The iron combs, hooks, racks, swords, and scaffolds, which were purpled with the blood of the martyrs, are eternal proofs or their invincible courage and constancy in the divine service. But are they not at the same time subjects of our condemnation and confusion? How weak are our resolutions! How base our pusillanimity and cowardice in the pursuit of virtue! We have daily renewed our most sacred baptismal engagements, and our purposes of faithfully serving God; these we have often repeated at the feet of God’s ministers, and in presence of his holy altars; and we have often begun our conversion with great fervour. Yet these fair blossoms were always nipped in the bud: for want of constancy we soon fell back into our former sloth and disorders, adding to our other prevarications that of base infidelity Instead of encountering gibbets and wild beasts, we were scared at the sight of the least difficulty; or we had not courage to make the least sacrifice of our passions, or to repulse the weakest and most contemptible assaults of the world. Its example, or that dangerous company from which we had not resolution to separate ourselves, carried us away: and we had not courage to withstand those very maxims which we ourselves condemn in the momenta of our serious reflections, as contrary to the spirit of the gospel. Perhaps we often flew back for fear of shadows, and out of apprehensions frequently imaginary, lest we should forfeit some temporal advantage, some useful or agreeable friend. Perhaps we were overcome by the difficulties which arose barely from ourselves, and wanted resolution to deny our senses, to subdue our passions, to renounce dangerous occasions, or to enter upon a penitential life. Blinded by self-love, have we not sheltered our dastardly pusillanimity under the cloak of pretended necessity, or even virtue?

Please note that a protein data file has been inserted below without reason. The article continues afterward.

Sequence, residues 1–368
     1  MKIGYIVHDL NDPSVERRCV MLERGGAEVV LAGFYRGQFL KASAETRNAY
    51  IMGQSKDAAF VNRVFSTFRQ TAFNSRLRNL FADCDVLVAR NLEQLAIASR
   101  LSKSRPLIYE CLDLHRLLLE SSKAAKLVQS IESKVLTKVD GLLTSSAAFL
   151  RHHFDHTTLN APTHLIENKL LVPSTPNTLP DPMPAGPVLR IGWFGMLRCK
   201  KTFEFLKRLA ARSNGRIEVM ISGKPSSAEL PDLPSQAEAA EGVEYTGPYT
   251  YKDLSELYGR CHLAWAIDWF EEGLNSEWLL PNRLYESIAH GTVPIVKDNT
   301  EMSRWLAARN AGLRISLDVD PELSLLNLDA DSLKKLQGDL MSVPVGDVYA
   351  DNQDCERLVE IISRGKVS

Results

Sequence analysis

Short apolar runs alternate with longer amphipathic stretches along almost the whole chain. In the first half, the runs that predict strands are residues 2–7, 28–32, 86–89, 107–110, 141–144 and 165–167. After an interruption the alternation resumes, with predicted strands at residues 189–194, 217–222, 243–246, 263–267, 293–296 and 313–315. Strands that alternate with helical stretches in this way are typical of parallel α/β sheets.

PRAYER AFTER MEDITATION.

My God, I give Thee heartfelt thanks for all the graces and all the light Thou hast conferred on me during this meditation. Pardon me all the negligence and the distractions of which I have been guilty, and give me strength to carry out the resolutions that I have made. Fortify me, that from henceforth I may diligently practise this virtue . . . avoid this fault . . . perform this action . . . to Thy honor. Help me to do this, sweet Virgin Mary; and if I ever forget my good resolutions, I entreat my Angel Guardian to recall them to my memory. Amen.

Lives of the Fathers, Martyrs, and other Principal Saints

(1866)

St. Blase, ora pro nobis.